Ten years after his death, McClure's Magazine gave an unflattering account of Rynder's valor--in this tale the hero is Mike Walsh, the founder of the "Subterranean Club," implacable foe of the Rynders' Empire Club. (No hint as to who supposedly transcribed the dialog between the two men when they were alone in the room.)
Mr. Parke Godwin, then one of the editors of the "Evening Post," had been very outspoken in his newspaper writings and also in public speech, in denunciation of the political methods in common practice. Thereby Mr. Godwin had aroused the hatred of Isaiah Rynders and his associates. His denunciation of Tammany in particular, and its methods, had greatly angered the whole organization, but he had incurred the especial hostility of Rynders, and one day word was brought to him that Rynders and his associates were threatening to kill him, and he should have a care.

One afternoon, having left his office to go home, Mr. Godwin stopped, as was his custom, in Florence's restaurant for some oysters. As he stood at the oyster-stand, he saw in the remote part of the room Rynders and some of his men. He at once suspected that they proposed to assault him before he could leave the building. He realized that it would not do for him to run, however; so he began to eat his oysters, while deliberating upon his course in case he should be attacked. Suddenly he noticed that a man stood beside him, and looking up he saw "Mike" Walsh, who said to him: "Go on eating your oysters, Mr. Godwin, but do it as quickly as you can, and then go away. Rynders and his men have been waiting here for you and intend to kill you, but they won't attack you as long as I am by your side."

The advice was followed. After Mr. Godwin, having finished his oysters, had gone out, Rynders stepped up to Walsh and said: "What do you mean by interfering in this matter? It is none of your affair."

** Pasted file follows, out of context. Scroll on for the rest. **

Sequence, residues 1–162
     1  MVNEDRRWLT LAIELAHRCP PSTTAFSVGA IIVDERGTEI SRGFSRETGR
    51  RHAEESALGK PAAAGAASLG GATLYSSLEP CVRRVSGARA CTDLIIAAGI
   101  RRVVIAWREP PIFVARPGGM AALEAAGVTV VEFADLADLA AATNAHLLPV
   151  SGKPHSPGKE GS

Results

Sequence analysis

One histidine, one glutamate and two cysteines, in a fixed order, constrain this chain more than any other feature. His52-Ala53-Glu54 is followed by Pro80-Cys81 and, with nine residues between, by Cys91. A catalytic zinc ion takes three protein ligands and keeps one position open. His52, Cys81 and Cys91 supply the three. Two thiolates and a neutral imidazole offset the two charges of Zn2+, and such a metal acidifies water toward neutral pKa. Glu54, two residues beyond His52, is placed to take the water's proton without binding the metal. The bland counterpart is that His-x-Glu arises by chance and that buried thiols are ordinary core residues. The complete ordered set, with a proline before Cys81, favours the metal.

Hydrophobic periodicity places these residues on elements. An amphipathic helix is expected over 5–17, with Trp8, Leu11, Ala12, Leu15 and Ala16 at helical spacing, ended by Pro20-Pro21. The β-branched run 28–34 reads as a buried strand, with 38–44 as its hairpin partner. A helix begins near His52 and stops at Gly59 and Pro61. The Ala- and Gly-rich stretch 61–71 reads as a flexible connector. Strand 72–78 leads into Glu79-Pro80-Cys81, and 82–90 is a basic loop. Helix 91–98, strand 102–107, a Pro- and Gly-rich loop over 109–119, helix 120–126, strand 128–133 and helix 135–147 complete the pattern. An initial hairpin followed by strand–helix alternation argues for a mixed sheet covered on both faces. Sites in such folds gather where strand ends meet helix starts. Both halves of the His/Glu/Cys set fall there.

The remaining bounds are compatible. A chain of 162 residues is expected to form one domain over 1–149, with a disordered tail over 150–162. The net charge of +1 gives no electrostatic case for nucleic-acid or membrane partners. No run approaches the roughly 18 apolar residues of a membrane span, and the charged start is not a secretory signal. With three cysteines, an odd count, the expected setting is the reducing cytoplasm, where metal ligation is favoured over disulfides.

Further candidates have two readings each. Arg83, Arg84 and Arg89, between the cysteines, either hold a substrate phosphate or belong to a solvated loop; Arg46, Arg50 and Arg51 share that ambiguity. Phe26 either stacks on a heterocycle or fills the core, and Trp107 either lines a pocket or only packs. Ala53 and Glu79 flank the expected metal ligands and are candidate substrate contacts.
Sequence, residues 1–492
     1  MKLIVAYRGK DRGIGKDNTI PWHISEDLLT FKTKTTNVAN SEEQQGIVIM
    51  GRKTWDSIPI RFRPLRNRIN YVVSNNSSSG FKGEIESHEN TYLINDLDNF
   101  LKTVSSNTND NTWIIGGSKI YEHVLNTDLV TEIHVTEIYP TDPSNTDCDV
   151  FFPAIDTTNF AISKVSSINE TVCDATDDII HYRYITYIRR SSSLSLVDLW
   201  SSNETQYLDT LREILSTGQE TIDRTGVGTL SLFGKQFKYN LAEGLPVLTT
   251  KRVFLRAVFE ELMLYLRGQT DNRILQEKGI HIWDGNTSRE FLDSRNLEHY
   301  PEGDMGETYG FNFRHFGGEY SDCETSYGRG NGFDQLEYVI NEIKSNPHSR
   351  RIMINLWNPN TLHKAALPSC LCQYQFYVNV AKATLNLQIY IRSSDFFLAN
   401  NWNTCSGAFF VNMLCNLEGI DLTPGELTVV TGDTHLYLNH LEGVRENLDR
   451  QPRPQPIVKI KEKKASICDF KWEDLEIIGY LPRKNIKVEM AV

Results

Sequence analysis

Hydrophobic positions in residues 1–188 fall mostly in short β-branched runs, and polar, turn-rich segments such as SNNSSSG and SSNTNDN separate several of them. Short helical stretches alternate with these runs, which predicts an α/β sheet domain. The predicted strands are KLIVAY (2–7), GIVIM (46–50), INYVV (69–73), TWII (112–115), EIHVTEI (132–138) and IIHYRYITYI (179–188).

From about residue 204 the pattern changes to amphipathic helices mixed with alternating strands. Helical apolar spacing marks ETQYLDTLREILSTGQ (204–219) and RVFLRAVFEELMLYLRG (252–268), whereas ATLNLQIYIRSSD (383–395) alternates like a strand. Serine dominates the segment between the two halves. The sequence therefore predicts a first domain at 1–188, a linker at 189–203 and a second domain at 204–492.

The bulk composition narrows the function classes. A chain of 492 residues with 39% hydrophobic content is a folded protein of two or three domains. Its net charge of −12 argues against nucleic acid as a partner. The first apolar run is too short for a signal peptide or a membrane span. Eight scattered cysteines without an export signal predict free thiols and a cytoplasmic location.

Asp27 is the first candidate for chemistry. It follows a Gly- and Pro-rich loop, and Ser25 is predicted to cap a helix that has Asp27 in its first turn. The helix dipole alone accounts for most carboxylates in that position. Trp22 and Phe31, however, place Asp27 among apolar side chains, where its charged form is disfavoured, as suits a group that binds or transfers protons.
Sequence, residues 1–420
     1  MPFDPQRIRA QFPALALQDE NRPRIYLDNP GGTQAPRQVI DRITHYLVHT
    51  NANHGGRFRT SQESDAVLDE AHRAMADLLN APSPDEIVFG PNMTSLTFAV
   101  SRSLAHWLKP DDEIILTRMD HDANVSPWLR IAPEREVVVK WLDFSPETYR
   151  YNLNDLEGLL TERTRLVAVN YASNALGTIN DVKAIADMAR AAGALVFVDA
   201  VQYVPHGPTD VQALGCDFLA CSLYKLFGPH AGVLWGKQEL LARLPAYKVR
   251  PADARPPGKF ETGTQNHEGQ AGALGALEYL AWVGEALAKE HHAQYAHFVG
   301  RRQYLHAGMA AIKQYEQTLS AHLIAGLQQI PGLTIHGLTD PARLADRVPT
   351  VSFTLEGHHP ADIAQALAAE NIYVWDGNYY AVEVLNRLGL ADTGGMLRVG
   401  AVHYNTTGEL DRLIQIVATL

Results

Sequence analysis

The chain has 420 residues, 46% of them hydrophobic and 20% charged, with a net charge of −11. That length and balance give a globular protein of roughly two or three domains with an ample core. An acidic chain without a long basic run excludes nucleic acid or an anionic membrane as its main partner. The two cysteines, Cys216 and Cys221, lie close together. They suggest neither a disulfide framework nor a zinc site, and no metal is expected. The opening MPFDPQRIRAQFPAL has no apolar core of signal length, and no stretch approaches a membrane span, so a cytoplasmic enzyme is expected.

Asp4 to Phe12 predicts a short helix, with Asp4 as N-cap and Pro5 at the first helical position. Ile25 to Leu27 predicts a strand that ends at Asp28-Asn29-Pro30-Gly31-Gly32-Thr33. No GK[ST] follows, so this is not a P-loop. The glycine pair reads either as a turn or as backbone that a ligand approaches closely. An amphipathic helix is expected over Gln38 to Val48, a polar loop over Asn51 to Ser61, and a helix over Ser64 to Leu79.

"Well, Godwin did me a good turn once, and I don't propose to see him stabbed in the back. You were going to do a sneaking thing; you were going to assassinate him, and any man who will do that is a coward.

"No man ever called me a coward, Mike Walsh, and you can't."

"But I do, and I will prove that you are a coward. If you are not one, come upstairs with me now. We will lock ourselves into a room; I will take a knife and you take one; and the man who is alive after we have got through, will unlock the door and go out."

Rynders accepted the challenge. They went to an upper room. Walsh locked the door, gave Rynders a large bowie-knife, took one himself, and said: "You stand in that corner, and I'll stand in this. Then we will walk toward the centre of the room, and we won't stop until one or the other of us is finished."

Each took his corner. Then Walsh turned and approached the centre of the room. But Rynders did not stir. "Why don't you come out?" said Walsh.

Rynders, turning in his corner, faced his antagonist, and said : "Mike, you and I have always been friends; what is the use of our fighting now? If we get at it, we shall both be killed, and there is no good in that."

Walsh for a moment said not a word; but his lip curled, and he looked upon Rynders with an expression of utter contempt. Then he said: "I told you you were a coward, and now I prove it. Never speak to me again."
I think we can safely take all three of these accounts as unsubstantiated political puffery, which is why I left Rynders out of my book. They serve as a useful reminder that 19th-century newspapers were at least as unscrupulous about confining themselves to the facts as are newspapers today.

Monday, September 19, 2011

184th Anniversary of Sandbar Fight

Happy 184th anniversary of the Sandbar Fight, everyone! I got so busy today I nearly forgot to fondle my bowie knives a little.

Thursday, September 15, 2011

Review of Bowie Knife Fights, Fighters, and Fighting Techniques

Nice review of Bowie Knife Fights, Fighters, and Fighting Techniques at the White Shadow Dojo blog.